The most illustrious men in every age have arisen from the classes likely, though ignorantly, to act upon the principle of a happy choice by intermarriage with other classes. The most eminent men of Greece were of obscure origin, and foreign female slaves gave birth to many of them. A Carian was the mother of Themistocles, and a Scythian of Demosthenes. The most striking examples of energy among our own aristocracy, were the first fruits of intermarriages with the healthy, vigorous offspring of the middle class. The Persian nobility have, by the selection of Circassian wives, eradicated their old coarse physiognomy, as seen in the Guebres, their progenitors. Many of the Spanish nobility illustrate the opposite results, from intermarriage among themselves. It is with mind as with the weapon of the warrior and the tool of the workman-temper is everything—and temper is intimately connected with temperament and cerebral susceptibility. While the nervous are prone to be irritable; the sanguine irascible and passionate; the bilious slow, persistent, and often violent; the lymphatic are most inclined to inaction, and disposed to sail with the wind. Those of the apathetic constitution have seldom disturbed the current of events, either by their deeds, their negotiations, or their conquests. Talent they sometimes possess; genius never. They float with the flood, or cast anchor till the returning tide ; they never go against the stream.
The tomb-maker who built the bust of Shakspere at Stratford, was not aware of this important relation between form, capacity, and character; while the picture by Jansen, the portrait of Shakspere's daughter, and the Mask said to be taken after death, all harmonise with the law of relation between form and capacity, power and results.
Although it may be conceded that education and favourable circumstances have great influence on organisations adapted to receive the rays of light and intelligence, and to make them manifest; yet, no amount of culture will raise the idiot into a philosopher, or convert the sluggish offspring of the feeble or the imbecile, into the highly-organised sensitive child of genius. The transmission of aptitude is shown too in the fact, that the children of linguists, and those of mathematicians, learn languages and numbers sooner than those of uneducated parents. The children of musicians, when both parents are musically inclined, learn inore easily than others; and this susceptibility, when. inherited during three generations, often results in the extraordinary powers called talent and genius.
The biographers of Shakspere have hitherto attempted to explain the marvellous powers of the poet by the external influences with which he was surrounded, by what books he read, and where he resided. They mention his parents, it is true, but they almost ignore the heritage of his ancestry. They forget that many thousands have been sur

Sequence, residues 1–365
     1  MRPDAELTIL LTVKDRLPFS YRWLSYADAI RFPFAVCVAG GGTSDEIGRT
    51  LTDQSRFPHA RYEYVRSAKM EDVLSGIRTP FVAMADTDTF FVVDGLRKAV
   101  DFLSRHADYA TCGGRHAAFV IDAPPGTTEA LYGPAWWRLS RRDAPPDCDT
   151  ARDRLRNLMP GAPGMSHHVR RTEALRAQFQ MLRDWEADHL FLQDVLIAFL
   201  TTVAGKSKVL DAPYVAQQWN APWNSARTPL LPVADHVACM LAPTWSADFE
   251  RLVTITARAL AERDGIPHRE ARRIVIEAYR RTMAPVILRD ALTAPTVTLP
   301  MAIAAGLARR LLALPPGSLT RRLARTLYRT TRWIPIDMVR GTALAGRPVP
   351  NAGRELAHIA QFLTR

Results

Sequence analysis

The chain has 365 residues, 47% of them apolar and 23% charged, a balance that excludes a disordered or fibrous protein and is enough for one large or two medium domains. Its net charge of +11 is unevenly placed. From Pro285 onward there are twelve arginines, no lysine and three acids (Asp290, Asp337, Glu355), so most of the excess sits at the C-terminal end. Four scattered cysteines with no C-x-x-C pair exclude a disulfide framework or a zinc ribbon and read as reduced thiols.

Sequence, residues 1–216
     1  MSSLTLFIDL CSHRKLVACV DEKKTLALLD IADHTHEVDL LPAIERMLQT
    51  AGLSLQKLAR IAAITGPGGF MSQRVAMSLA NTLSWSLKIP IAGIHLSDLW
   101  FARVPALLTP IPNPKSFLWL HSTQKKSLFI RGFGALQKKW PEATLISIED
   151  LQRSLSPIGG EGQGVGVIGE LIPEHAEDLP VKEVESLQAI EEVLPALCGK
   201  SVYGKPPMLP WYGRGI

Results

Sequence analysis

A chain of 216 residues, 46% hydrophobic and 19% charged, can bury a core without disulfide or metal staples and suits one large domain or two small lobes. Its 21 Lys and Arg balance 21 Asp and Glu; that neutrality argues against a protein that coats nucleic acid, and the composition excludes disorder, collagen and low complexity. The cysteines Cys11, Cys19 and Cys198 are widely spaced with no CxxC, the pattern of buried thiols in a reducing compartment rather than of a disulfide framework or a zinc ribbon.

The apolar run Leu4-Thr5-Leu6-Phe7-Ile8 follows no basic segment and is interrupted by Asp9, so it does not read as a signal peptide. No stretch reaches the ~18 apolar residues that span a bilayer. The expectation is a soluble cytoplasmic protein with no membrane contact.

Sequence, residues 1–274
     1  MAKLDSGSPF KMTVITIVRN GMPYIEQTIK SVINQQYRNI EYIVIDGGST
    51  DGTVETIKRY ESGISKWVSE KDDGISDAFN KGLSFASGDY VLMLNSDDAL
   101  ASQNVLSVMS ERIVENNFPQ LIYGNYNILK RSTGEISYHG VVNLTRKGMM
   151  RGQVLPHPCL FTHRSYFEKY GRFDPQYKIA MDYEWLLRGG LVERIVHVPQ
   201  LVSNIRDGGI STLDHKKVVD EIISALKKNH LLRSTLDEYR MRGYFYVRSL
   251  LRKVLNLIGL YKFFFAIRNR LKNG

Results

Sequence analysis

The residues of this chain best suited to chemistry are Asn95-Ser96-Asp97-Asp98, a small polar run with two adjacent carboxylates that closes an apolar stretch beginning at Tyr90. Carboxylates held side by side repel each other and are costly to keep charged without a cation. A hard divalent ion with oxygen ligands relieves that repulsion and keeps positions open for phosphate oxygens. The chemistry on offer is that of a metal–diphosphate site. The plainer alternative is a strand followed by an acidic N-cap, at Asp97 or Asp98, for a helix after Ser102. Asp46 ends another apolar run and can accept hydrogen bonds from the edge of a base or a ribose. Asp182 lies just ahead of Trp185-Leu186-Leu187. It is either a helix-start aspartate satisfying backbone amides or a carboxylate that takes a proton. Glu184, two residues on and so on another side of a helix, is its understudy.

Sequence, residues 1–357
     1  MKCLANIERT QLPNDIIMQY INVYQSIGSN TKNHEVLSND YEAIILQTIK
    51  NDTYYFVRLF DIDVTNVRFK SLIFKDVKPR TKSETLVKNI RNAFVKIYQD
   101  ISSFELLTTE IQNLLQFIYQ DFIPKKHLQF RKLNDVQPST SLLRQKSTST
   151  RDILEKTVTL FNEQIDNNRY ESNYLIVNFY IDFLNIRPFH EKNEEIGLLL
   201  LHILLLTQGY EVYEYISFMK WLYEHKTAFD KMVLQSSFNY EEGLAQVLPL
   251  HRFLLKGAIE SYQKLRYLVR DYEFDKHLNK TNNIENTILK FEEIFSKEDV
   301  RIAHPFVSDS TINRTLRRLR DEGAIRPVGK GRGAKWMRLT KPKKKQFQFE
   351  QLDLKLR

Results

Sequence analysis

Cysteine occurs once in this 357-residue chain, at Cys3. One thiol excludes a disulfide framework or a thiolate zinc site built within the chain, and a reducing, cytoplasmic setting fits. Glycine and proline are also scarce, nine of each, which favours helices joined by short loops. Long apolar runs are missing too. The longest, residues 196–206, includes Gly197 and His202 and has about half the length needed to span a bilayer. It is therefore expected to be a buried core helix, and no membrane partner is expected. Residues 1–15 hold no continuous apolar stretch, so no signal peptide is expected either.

rounded by similar circumstances of nature, condition, and education; but which no doubt contributed their due influence on the mental organism of a highly sensitive character, clerived from many generations of a superior stock, where the physical, the mental, and the moral elements were in harmonious proportions, as in the Ardens and the Shaksperes.
Moral beauty of character, too, is dependent on this harmonious balance of the organic forces in the constitution, and especially so, in the just proportion between the various regions of the cerebral and the vital powers of the body. A vigorous and healthy organism that gives soundness to the bones, will fix its index in the complexion, impart a sparkling lustre to the eye, and give grace to the outline, the form, carriage, and expression. The face is thus the epitome of the body, repeating in miniature the inward emotions; and every organic action is pleasing from its truth, directness, and fitness of expression in the body and mind.
It is a just remark of an able writer who says, that“ The union of certain temperaments and combinations of mental organs, are highly conducive to health, talent, and morality in the offspring; and that these conditions may be discovered and taught with far greater certainty, facility, and advantage, than is generally imagined.”
When, however, the sensitive, nervous organisation of a race or family is developed into the highest state of sensibility and refinement, ending in talent, eccentricity, and genius, the vitality becomes weak and effete, and the race (lies out in a generation or two, as in the case of Shakspere, Milton, Corneille, Scott, Burke, Byron, Moore, Mozart, and many others, whose names are known no more among men.
Scott, like Shakspere, was desirous of founding a family, but the name and inheritance passed to female descendants. Our greatest poet had only one son, who died early; his daughter, Susanna Hall, had one girl, and she died childless. The explanation must be sought in the fact, that in men of high culture and sensibility, the physical and the vital parts of the human organism are sacrificed to the nervous—the brain is exercised at the expense of the body, and exhausted in the very manifestations by which the poet or artist becomes known, and by which he influences the world. Their works become their best effigies. There is an